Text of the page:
© 2017 The College of Medicine and the Medical Association of Malawi. This work is licensed under the Creative Commons Attribution 4.0 International License. This is an open access article under the CC BY-NC-ND license (http://creativecommons.org/licenses/by-nc-nd/4.0/)

Introduction

Dementia is a syndrome of progressive impairment in one or more areas of cognition. These include memory, language, abstract thinking, praxis, perceptual skills, personality, as well as social behaviour. The cognitive aberrations of dementia usually represent a significant decline from previous baseline capacities, and they interfere with work, social function, relationships and independence in activities of daily living. The prevalence rises from about 1-2% at age 65 to 10-15% at age 80, and may be as high as 40% by age 90.1 Neurodegenerative conditions like Alzheimer’s disease and frontotemporal lobar degenerations are, by far, the commonest causes of dementia.2 They usually have a poor prognosis given that there is currently no curative treatment for this disorder, and existing symptomatic drugs only have limited effects.3 However, there are also several treatable diseases that can lead to dementia with a more or less rapid course.4,5 This case report aims to emphasize the need to actively look for treatable causes in patients presenting with dementia, especially when there are some atypical clinical features.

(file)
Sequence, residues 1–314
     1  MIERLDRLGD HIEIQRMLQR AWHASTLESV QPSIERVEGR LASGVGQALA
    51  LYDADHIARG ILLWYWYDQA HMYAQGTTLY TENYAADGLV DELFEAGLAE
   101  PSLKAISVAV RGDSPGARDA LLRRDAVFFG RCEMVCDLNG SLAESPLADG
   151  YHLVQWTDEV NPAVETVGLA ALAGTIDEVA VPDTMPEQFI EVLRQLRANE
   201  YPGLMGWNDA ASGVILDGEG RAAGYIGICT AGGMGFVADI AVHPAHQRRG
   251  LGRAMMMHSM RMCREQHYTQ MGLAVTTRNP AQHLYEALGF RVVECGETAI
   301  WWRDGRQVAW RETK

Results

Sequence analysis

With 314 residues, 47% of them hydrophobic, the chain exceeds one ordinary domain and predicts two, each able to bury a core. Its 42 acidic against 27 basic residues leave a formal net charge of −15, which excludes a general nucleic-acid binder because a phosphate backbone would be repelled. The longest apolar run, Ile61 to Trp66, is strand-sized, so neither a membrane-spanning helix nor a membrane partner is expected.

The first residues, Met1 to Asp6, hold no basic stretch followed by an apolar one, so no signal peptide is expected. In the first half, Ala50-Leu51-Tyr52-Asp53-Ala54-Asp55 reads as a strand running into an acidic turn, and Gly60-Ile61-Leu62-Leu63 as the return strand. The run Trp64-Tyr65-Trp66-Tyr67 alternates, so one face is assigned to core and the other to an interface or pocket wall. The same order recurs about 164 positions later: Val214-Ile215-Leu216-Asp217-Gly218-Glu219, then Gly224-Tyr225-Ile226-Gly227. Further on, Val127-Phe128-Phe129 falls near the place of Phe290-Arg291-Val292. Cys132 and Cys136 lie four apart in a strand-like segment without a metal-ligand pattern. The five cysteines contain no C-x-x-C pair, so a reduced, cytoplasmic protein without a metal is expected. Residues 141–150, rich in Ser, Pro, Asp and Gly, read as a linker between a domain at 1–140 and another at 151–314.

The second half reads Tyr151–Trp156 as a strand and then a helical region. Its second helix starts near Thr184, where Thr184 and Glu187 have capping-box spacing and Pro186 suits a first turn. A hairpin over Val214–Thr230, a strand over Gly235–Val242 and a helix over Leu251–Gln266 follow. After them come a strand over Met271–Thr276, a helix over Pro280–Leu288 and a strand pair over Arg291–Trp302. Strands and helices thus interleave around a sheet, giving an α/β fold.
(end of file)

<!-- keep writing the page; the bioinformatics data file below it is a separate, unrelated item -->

Case presentation

A 42-year-old woman presented in the emergency department with a 6-month history of diffuse headache of moderate intensity. Over a course of 3 months, she also had gradual onset of imbalance, generalized weakness, hypophonia, apathy, dysphagia, constipation and urinary incontinence. The guardians reported a change in her personality over the previous years with frequent episodes of incoherent speech and memory decline. Her maternal aunt had early-onset cognitive decline and died before the age of 50. There was no history of head trauma or fluid leakage through the ear, the nose or the throat. The following symptoms were absent: seizures, hallucinations, vomiting, diplopia, blurred vision, agitation, and sensory loss.